Of all the Olympic deities, none occupy a more distinguished position than the Muses, the nine beautiful daughters of Zeus and Mnemosyne.
In their original signification, they presided merely over music, song, and dance; but with the progress of civilization the arts and sciences claimed their special presiding divinities, and we see these graceful creations, in later times, sharing among them various functions, such as poetry, astronomy, etc.
The Muses were honoured alike by mortals and immortals. In Olympus, where Apollo acted as their leader, no banquet or festivity was considered complete without their joy-inspiring presence, and on earth no social gathering was celebrated without libations being poured out to them; nor was any task involving intellectual effort ever undertaken, without earnestly supplicating their assistance.
They endowed their chosen favourites with knowledge, wisdom, and understanding; they bestowed upon the orator the gift of eloquence, inspired the poet with his noblest thoughts, and the musician with his sweetest harmonies. Like so many of the Greek divinities, however, the refined conception of the Muses is somewhat marred by the acerbity with which they punished any effort on the part of mortals to rival them in their divine powers. An instance of this is seen in the case of Thamyris, a Thracian bard, who presumed to invite them to a trial of skill in music.
Having vanquished him, they not only afflicted him with blindness, but deprived him also of the power of song. Another example of the manner in which the gods punished presumption and vanity is seen in the story of the daughters of King Pierus. Proud of the perfection to which they had brought their skill in music, they presumed to challenge the Muses themselves in the art over which they specially presided.
The contest took place on Mount Helicon, and it is said that when the mortal maidens commenced their song, the sky became dark and misty, whereas when the Muses raised their heavenly voices, all nature seemed to rejoice, and Mount Helicon itself moved with exultation. The Pierides were signally defeated, and were transformed by the Muses into singing birds, as a punishment for having dared to challenge comparison with the immortals. Undeterred by the above example, the Sirens also entered into a similar contest.
The songs of the Muses were loyal and true, whilst those of the Sirens were the false and deceptive strains with which so many unfortunate mariners had been lured to their death. The Sirens were defeated by the Muses, and as a mark of humiliation, were deprived of the feathers with which their bodies were adorned.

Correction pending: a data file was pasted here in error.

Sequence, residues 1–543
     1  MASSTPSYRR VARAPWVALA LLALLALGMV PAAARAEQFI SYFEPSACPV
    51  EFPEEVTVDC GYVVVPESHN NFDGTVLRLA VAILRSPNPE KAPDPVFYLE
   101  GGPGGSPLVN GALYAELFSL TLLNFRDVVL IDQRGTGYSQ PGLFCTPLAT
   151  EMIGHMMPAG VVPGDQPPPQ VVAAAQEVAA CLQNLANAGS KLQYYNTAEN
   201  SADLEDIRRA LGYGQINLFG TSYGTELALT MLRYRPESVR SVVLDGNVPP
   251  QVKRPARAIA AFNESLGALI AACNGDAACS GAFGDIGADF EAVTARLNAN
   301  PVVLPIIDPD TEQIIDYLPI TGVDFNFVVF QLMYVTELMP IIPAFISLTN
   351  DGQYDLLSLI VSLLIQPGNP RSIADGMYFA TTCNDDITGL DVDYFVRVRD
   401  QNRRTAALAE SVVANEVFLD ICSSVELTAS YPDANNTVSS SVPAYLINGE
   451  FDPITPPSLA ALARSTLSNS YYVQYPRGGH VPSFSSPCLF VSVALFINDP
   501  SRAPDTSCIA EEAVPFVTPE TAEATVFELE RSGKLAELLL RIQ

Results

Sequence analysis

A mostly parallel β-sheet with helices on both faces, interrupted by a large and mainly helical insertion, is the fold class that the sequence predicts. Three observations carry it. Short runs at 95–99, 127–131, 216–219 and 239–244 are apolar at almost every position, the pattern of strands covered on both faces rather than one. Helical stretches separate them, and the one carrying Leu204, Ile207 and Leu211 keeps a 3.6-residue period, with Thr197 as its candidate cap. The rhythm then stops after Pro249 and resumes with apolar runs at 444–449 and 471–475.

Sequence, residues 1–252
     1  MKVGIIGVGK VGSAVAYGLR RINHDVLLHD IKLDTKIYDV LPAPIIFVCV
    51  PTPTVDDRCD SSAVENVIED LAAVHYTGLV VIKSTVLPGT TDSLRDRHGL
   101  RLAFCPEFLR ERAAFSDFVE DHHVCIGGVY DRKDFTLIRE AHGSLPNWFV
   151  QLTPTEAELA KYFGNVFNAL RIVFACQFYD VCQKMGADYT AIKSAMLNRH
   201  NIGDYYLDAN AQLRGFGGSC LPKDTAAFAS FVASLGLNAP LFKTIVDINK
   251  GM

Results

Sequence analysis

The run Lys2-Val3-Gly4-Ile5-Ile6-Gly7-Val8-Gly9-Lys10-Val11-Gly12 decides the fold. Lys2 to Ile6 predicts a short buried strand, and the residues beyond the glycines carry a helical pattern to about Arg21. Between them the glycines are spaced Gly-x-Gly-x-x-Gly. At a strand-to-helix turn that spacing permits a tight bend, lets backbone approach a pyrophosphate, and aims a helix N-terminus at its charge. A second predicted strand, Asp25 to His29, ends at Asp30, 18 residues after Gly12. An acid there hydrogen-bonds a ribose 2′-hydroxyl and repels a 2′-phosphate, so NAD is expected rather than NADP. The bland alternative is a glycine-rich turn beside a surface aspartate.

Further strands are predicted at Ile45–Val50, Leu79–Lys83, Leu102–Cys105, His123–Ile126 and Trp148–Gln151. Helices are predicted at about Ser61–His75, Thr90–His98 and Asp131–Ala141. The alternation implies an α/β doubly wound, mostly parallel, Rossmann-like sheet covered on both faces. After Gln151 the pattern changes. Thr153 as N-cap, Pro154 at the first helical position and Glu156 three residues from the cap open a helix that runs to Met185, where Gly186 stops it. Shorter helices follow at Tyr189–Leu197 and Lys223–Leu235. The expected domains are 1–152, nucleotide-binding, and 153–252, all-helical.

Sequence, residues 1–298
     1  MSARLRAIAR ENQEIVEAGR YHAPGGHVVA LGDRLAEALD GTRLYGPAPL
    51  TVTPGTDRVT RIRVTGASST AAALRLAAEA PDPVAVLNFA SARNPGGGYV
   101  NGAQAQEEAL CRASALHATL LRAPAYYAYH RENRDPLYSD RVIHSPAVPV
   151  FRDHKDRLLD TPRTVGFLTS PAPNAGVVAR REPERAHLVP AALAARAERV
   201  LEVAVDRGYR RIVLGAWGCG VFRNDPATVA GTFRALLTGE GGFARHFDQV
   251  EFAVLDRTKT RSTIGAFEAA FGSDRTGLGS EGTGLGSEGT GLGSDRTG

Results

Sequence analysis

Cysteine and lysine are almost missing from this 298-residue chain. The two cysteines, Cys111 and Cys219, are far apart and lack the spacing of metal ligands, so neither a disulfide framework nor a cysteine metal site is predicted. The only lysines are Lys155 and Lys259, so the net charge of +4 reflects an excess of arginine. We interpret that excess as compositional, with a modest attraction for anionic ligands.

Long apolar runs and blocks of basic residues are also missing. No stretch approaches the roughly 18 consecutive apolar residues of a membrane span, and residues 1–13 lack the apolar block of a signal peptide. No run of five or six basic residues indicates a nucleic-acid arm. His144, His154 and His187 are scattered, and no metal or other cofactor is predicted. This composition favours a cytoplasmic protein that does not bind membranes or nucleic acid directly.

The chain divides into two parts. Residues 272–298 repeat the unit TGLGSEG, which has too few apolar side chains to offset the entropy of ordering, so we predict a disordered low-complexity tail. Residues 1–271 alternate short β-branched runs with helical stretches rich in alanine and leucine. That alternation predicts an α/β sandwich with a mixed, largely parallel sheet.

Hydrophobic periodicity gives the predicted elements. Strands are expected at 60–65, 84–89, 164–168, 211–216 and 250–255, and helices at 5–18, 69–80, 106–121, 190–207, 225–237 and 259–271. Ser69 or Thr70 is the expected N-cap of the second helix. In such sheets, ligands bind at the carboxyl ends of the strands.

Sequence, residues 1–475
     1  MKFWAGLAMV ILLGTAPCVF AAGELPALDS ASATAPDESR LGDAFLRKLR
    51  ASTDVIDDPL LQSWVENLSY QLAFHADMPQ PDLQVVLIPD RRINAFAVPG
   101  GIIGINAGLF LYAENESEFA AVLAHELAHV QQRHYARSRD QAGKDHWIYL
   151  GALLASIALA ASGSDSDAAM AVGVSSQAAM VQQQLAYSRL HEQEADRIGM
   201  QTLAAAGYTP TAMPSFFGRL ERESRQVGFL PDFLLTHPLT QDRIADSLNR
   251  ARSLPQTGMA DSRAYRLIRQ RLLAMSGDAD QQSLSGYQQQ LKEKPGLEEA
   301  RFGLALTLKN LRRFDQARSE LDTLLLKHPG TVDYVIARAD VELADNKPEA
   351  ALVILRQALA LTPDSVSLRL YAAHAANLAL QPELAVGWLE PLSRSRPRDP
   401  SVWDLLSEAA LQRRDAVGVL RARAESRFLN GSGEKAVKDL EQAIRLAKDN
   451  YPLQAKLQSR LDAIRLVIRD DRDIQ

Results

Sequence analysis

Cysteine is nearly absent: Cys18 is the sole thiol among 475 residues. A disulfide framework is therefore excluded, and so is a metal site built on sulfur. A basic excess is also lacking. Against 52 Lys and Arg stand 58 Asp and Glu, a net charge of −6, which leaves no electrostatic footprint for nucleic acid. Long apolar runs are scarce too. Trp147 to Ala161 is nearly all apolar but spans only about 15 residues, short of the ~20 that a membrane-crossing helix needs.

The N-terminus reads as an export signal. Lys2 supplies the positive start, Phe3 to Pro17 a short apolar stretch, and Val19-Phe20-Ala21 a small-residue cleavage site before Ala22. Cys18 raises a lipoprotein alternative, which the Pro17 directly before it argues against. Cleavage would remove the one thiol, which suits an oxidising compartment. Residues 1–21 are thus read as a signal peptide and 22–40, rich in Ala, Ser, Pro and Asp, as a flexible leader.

The oldest seat of the worship of the Muses was Pieria in Thrace, where they were supposed to have first seen the light of day. Pieria is a district on one of the sloping declivities of Mount Olympus, whence a number of rivulets, as they flow towards the plains beneath, produce those sweet, soothing sounds, which may possibly have suggested this spot as a fitting home for the presiding divinities of song.
They dwelt on the summits of Mounts Helicon, Parnassus, and Pindus, and loved to haunt the springs and fountains which gushed forth amidst these rocky heights, all of which were sacred to them and to poetic inspiration. Aganippe and Hippocrene on Mount Helicon, and the Castalian spring on Mount Parnassus, were sacred to the Muses. The latter flowed between two lofty rocks above the city of Delphi, and in ancient times its waters were introduced into a square stone basin, where they were retained for the use of the Pythia and the priests of Apollo.
The libations to these divinities consisted of water, milk, and honey, but never of wine. Their names and functions are as follows:
CALLIOPE, the most honoured of the Muses, presided over heroic song and epic poetry, and is represented with a pencil in her hand, and a slate upon her knee.
CLIO, the muse of History, holds in her hand a roll of parchment, and wears a wreath of laurel.
MELPOMENE, the muse of Tragedy, bears a tragic mask.
THALIA, the muse of Comedy, carries in her right hand a shepherd's crook, and has a comic mask beside her.
POLYHYMNIA, the muse of Sacred Hymns, is crowned with a wreath of laurel. She is always represented in a thoughtful attitude, and entirely enveloped in rich folds of drapery.
TERPSICHORE, the muse of Dance and Roundelay, is represented in the act of playing on a seven-stringed lyre.
URANIA, the muse of Astronomy, stands erect, and bears in her left hand a celestial globe.
EUTERPE, the muse of Harmony, is represented bearing a musical instrument, usually a flute.
ERATO, the muse of Love and hymeneal songs, wears a wreath of laurel, and is striking the chords of a lyre.
With regard to the origin of the Muses, it is said that they were created by Zeus in answer to a request on the part of the victorious deities, after the war with the Titans, that some special divinities should be called into existence, in order to commemorate in song the glorious deeds of the Olympian gods.
From: Berens, E.M. The Myths and Legends of Ancient Greece and Rome. New York: Maynard, Merril, & Co., 1880. Text in the public domain.